the top part of a decorative image showing garden flowers.

The Times-Union

Saturday, February 3, 2001

Flower Power: Floral designer Pauline Runkle says flowers are a pathway to creative expression

By Judy Wells
Times-Union staff writer

Expect to be one with your flowers when you attend a workshop led by renowned floral designer Pauline Runkle, who also happens to be a yoga instructor.

"When I teach workshops, we usually do a little yoga before I begin," said Runkle by phone from her Floral Artistry company in Manchester-by-the-Sea on Boston's North Shore. "Everybody rushes in from doing other things and I need them to be in with the flowers. They're in their head, thinking of what they've done and what they will be doing later, and I need them to focus. That's the Zen of flowers."

Runkle has gained floral fame for her loosely elegant, graceful, aromatic arrangements. She has judged the Tournament of Roses in Pasadena, Calif., designed windows for Tiffany's Boston store and researched appropriate flower displays for the Masterpiece Theatre series on PBS. Her work has been featured in magazines from Better Homes & Gardens to The Robb Report. If you watched a performance of the Boston Pops before 1996 (when flowers were cut from the budget), you've seen her work gracing tables, stage and conductor's podium.

The Garden Club of Jacksonville joins a distinguished lineup of museums, institutes and horticultural groups by presenting Runkle Thursday in a demonstration and workshop at its Riverside Avenue clubhouse.

"In Jacksonville I will talk about creativity and how people access that creativity, whether in relation to flowers or whatever. I'm going to be demonstrating using flowers as my medium. They were my pathway to my creativity. Once you find creativity, then your whole life comes into balance."

Gardening was in her genes.

"My family did it from childhood, and I with them," she said. "We were very garden-oriented. My great-grandfather, Dr. Henry Watkins, was a founder of the Men's Garden Club of Memphis."

She grows much of the flowers and foliage for her company's work in her cutting garden and having lived in Omaha, Neb., Memphis, Houston, New York and Boston, she is aware of the varieties of climate, soil and predators that challenge gardeners. She can even relate to apartment dwellers who have no garden.

"My garden is under a foot of snow at the moment," she said in a voice as soft and welcoming as her arrangements. "I survive on amaryllis flowers this time of year. You can use them just as they are or cut and mixed in with fruit. I do a lot of that kind of thing during the winter. Also, there are wonderful flowers, available in supermarkets, and the prices are usually very good. Fortunately, a lot of local florists are catering more to people who are doing floral arrangements in their home."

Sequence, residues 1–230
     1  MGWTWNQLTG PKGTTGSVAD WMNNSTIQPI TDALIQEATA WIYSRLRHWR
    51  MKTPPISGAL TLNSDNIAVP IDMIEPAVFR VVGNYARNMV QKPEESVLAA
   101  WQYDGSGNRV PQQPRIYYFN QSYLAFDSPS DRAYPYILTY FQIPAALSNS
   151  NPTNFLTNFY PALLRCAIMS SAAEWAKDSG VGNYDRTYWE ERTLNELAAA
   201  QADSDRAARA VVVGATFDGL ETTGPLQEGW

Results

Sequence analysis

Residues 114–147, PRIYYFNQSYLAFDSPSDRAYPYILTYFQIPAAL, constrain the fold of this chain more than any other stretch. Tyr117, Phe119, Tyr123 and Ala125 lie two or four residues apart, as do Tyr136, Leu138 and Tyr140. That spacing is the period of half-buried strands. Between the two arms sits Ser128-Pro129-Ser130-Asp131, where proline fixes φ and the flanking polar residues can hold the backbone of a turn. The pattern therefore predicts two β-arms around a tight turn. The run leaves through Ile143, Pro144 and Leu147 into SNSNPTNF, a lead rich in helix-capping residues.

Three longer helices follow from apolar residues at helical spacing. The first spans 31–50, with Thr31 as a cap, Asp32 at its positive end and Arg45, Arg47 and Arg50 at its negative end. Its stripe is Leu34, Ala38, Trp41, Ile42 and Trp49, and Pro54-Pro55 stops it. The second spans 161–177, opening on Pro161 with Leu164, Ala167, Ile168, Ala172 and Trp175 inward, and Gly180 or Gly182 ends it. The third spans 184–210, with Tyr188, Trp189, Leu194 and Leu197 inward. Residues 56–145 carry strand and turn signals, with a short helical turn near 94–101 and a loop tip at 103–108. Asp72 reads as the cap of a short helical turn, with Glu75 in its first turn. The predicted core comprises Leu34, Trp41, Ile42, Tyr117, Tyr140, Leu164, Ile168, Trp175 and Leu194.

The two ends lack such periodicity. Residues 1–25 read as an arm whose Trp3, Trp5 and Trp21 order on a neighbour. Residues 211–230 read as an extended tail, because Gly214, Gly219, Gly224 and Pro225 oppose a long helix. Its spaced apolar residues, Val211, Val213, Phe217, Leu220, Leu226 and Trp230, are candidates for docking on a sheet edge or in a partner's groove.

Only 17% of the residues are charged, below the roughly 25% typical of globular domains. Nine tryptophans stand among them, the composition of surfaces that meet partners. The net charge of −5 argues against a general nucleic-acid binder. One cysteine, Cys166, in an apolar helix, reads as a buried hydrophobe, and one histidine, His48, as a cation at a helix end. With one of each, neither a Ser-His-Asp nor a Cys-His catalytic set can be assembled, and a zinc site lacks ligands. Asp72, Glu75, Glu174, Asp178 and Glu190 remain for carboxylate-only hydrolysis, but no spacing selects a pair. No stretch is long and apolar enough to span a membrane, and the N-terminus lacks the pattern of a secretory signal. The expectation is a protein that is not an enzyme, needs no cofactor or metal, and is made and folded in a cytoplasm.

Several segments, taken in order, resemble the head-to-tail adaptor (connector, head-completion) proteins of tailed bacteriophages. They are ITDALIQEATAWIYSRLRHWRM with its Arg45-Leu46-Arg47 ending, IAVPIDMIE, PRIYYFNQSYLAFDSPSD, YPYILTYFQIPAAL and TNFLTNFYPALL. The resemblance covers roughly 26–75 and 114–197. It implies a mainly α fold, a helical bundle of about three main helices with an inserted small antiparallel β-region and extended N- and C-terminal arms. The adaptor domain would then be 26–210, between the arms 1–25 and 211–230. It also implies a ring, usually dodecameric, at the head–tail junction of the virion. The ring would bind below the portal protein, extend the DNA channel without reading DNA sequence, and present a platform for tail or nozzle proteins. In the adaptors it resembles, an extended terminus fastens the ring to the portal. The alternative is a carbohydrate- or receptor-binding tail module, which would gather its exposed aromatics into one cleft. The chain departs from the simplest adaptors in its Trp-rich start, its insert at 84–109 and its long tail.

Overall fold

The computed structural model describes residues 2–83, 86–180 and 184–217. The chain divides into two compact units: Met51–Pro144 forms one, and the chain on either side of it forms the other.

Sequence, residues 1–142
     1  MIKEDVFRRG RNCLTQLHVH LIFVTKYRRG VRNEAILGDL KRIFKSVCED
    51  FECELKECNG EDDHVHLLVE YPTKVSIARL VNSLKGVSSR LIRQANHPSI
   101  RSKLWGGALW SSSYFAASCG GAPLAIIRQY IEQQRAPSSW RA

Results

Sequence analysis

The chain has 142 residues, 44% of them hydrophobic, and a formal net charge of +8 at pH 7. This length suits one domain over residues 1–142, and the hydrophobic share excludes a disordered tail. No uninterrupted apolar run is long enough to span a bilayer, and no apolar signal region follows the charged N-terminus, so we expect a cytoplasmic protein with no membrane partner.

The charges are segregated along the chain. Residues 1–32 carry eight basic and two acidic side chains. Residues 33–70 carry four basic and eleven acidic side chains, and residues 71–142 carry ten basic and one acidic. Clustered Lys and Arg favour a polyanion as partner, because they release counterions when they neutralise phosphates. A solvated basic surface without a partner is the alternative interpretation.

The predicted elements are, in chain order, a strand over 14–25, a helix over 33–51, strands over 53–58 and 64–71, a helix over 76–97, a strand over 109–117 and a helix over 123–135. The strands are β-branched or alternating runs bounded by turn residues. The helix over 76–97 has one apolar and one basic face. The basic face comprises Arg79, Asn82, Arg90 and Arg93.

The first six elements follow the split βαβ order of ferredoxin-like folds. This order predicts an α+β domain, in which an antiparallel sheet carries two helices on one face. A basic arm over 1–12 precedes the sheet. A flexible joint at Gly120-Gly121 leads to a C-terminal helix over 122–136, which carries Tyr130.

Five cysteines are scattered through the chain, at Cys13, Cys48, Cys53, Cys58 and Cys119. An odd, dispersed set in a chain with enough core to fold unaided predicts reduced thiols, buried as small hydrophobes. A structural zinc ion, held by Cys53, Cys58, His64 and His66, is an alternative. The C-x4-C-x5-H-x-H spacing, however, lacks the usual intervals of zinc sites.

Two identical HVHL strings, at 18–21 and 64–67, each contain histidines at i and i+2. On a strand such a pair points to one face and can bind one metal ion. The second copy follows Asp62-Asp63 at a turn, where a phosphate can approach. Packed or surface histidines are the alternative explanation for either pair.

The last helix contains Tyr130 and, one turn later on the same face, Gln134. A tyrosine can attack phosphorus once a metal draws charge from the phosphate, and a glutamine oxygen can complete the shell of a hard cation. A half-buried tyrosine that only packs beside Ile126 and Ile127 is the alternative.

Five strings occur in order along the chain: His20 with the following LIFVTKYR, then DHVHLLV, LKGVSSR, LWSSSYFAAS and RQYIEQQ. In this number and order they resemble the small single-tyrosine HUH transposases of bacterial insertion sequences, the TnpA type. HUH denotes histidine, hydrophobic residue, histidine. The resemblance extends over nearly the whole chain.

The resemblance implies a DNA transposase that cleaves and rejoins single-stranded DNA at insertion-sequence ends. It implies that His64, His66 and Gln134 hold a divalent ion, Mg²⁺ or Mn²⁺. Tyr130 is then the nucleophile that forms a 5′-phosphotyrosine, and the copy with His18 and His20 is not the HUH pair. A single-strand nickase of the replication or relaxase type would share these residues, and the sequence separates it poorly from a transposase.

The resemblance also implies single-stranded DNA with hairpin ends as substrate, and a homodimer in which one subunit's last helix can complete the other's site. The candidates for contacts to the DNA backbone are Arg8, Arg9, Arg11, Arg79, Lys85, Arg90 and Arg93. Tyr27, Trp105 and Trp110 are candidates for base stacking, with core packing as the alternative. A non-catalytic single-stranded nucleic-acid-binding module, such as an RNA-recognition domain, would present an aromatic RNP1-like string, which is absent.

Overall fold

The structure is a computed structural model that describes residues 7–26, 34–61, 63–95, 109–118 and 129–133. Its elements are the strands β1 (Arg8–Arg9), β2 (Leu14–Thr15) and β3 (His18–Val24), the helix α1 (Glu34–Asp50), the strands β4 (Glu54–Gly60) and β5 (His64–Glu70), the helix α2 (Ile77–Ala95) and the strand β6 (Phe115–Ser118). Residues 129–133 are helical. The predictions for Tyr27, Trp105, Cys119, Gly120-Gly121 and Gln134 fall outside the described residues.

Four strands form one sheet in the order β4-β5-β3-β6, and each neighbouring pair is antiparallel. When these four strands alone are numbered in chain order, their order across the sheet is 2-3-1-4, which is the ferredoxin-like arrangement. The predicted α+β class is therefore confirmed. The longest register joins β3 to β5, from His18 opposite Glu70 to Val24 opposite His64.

Sometimes she eschews flowers altogether.

"Some of the most beautiful arrangements are all foliage arrangements and that's always available," Runkle said. "I think the most beautiful of all arrangements is a combination of different shades of green from a foliage garden."

Foliage is also the key to getting the gracefully curving, loose and leafy arrangements many people try vainly to achieve. Their problem, she said, is most flowers available to amateurs have very straight stems.

"You have to get some that have looser stems, heathers or foliage. If you pick something with rigid stems you have rigid arrangements. Pick something with a stem that has a curve to it."

Not all problems are so easy to solve.

"For TV, it's very different. Certain colors don't do well on TV, particularly whites. Blue does very well. I'm also sensitive to heat from the television lights. I'm very careful that I do lots of flowers in water."

Putting them in Oasis, the commercially produced foam that florists use to anchor flowers in spaces that don't hold much water, isn't always the answer. Especially with a popular source of that photogenic blue.

"Delphiniums really have to be in water. I had a special box made in front of the podium for John Williams [the Boston Pops musical director at the time]. I would sink big tubes of water into Oasis, actually funeral cups, and that made a really workable solution."

Runkle favors flowers that retain their aroma, yet she knows this can become a problem.

"The wonderful thing about a beautiful bouquet is it's multi-dimensional: texture, movement and the dimension of fragrance is right up there with the color. It's like wearing perfume. Some is wonderful on you, and some is not. It's a very personal thing. Any fragrance that's overpowering a room is not going to be delicious. Some people can't tolerate lilacs. If it's just for you that's one thing, but if you're having four for dinner, that's something else."

Once she had to substitute silk lilies for the real thing when one of the Pops' musicians was adversely affected, but even the strongest fragrance like that of gardenias can be dealt with.

"Unless you're using them en masse or on someone, they shouldn't be a problem. Put a few in with green apples and kiwi fruit, and it's not overpowering," Runkle said.

The work of floral designer Pauline Runkle frequently appears in home and garden magazines.